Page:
Just like a traditional college or university, acupuncture school can have a unique area of focus or philosophy that guides the program, according to the Council of Colleges of Acupuncture and Oriental Medicine (CCAOM). Some possible approaches include: Chinese, Japanese, Five Element, Korean, and Vietnamese traditions. Compare the focus of degree programs that interest you and make sure the ones you apply to have full accreditation status with the Accreditation Commission for Acupuncture and Oriental Medicine, which is the only organization recognized by the U.S. Department of Education that accredits acupuncture and Oriental medicine school. You should also make sure the program is approved by the licensing board of the state where you plan to practice.

Acupuncture schools may require you have anywhere from two years of baccalaureate education or a medical certification up to a Bachelor’s Degree, which exceeds the CCAOM’s minimum standards. Check with the admissions department of schools that interest you to understand the requirements before you apply. Students of acupuncture can qualify for federal financial aid and scholarship opportunities exist, so get in touch with any prospective school’s financial aid office to find out how to best finance your degree.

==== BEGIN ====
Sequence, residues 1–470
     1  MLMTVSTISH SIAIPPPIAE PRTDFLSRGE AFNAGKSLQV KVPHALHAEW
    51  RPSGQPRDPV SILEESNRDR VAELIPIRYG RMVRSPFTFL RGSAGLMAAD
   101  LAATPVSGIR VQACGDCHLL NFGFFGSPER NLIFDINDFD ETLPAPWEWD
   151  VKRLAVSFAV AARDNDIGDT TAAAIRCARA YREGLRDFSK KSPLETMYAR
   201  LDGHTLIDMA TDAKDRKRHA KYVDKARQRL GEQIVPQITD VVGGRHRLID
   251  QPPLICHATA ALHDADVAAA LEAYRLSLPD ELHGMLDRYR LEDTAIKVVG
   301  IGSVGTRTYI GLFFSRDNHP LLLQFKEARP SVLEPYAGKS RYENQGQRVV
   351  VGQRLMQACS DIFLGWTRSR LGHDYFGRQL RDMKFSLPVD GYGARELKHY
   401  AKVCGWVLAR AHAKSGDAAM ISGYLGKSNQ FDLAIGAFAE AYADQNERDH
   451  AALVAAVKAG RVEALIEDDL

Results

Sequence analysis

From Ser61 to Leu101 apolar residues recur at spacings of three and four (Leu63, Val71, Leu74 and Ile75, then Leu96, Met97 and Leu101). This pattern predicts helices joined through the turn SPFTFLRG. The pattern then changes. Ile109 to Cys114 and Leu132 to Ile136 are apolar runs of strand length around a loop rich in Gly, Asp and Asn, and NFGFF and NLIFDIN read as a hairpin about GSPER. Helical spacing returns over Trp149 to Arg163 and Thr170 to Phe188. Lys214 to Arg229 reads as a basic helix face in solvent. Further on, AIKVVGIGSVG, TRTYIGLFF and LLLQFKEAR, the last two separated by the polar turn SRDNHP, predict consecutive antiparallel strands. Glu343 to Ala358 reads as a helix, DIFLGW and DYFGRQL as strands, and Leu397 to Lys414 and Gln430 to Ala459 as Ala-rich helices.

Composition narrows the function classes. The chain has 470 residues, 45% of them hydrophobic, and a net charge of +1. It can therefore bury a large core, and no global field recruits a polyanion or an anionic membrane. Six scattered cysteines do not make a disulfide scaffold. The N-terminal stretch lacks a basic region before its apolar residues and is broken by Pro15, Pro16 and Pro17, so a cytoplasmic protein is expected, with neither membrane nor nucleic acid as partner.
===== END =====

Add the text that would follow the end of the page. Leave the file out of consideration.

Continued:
Types of degree programs

Most students pursue the entry-level requirement of obtaining a Master’s Degree in acupuncture school, the needed qualification to practice. Institutions might have different names from their degrees, including Master of Oriental Medicine, Master of Acupuncture, Master of Science in Traditional Chinese Medicine and so on. Programs usually take three to four years to complete, depending on whether your focus is acupuncture or Oriental medicine. Some schools offer opportunities to go on to pursue a doctorate in the field.